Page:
Anomie’s Eastern origins: The Buddha’s indirect influence on Durkheim’s understanding of desire and suffering

European Journal of Social Theory 19 (3):355-373 (2016)
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Abstract

Durkheim’s claim in Suicide that humanity’s ‘inextinguishable thirst’ causes suffering was adopted from Arthur Schopenhauer’s argument that the will-to-live’s ‘unquenchable thirst’ causes suffering, which was previously adopted from the Buddha’s argument that ‘ceaselessly recurring thirst’ causes suffering. This article retraces this demonstrable though seemingly unlikely history of ideas and reveals that the philosophical underpinnings of Durkheim’s theory of anomie are rooted, through Schopenhauer, whose thought influenced many thinkers during the Neo-Romantic fin de siècle period, including Durkheim, in the Buddha’s Second Noble Truth – a doctrine made available to Schopenhauer in European translations of Buddhist texts during the previous turn of the century’s ‘Oriental Renaissance’. By achieving a more thorough understanding of the ambiguous concept of anomie through its Eastern intellectual origins, this project shows that the common conceptualization of anomie as ‘normlessness’ is inconsequential without presupposing that humans thirst and unconstrained thirst causes pain.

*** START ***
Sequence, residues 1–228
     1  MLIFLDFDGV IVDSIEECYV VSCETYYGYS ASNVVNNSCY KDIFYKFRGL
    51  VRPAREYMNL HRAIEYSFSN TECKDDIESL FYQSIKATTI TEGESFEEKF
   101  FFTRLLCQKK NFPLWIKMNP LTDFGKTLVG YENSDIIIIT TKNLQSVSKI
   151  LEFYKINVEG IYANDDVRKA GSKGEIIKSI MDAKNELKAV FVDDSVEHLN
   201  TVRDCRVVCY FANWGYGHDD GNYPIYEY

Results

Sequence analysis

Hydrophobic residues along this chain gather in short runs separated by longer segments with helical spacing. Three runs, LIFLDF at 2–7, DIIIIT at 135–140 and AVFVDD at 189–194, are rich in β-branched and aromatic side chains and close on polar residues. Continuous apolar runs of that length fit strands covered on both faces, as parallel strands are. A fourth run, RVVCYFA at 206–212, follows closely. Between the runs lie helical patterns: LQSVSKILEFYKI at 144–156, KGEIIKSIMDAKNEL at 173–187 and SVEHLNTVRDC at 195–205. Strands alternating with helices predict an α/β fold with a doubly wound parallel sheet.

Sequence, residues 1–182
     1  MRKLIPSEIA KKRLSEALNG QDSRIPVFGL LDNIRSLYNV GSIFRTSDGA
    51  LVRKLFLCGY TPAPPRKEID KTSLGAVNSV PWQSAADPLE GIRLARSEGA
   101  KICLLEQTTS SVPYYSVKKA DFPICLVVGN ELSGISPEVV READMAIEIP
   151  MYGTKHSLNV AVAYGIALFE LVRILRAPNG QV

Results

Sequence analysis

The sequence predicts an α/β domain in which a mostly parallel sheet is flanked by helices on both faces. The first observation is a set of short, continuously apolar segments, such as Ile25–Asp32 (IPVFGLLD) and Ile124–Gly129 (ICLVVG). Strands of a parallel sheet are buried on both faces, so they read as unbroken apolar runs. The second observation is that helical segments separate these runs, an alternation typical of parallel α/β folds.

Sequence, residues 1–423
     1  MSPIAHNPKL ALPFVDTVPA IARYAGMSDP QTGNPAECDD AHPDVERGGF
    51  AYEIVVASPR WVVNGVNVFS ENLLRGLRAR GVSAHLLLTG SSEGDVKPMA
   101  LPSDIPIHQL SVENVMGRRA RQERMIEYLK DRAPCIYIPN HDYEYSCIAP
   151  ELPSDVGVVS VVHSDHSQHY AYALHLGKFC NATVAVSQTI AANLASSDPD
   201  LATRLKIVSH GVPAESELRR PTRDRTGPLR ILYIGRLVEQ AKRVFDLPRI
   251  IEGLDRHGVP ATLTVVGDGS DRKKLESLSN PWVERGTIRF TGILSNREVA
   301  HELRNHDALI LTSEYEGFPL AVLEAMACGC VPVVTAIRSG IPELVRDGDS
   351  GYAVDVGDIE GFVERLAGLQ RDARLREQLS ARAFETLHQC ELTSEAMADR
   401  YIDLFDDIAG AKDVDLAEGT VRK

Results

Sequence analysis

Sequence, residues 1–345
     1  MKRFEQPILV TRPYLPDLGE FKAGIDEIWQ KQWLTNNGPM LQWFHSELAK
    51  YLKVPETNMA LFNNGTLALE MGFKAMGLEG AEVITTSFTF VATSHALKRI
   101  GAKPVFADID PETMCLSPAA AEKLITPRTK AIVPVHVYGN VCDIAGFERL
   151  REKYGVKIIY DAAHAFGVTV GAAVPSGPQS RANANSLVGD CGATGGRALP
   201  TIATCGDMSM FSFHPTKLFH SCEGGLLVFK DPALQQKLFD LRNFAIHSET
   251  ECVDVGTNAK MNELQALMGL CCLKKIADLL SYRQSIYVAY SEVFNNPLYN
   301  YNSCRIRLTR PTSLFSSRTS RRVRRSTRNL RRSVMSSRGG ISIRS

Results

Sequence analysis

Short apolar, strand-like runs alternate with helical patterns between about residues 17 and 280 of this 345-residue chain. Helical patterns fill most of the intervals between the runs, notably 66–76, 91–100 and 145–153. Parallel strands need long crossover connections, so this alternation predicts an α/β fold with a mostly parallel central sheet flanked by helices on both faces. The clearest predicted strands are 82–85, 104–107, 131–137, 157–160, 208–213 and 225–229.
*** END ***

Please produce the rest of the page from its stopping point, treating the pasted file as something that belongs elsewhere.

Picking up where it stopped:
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References found in this work

Orientalism.Edward Said - 1979 - Vintage.
India and Europe: An Essay in Understanding.Wilhelm Halbfass - 1988 - State University of New York Press.
The Philosophy of Schopenhauer.Bryan Magee - 1997 - Oxford University Press.
Schopenhauer: A Biography.David E. Cartwright - 2010 - Cambridge University Press.

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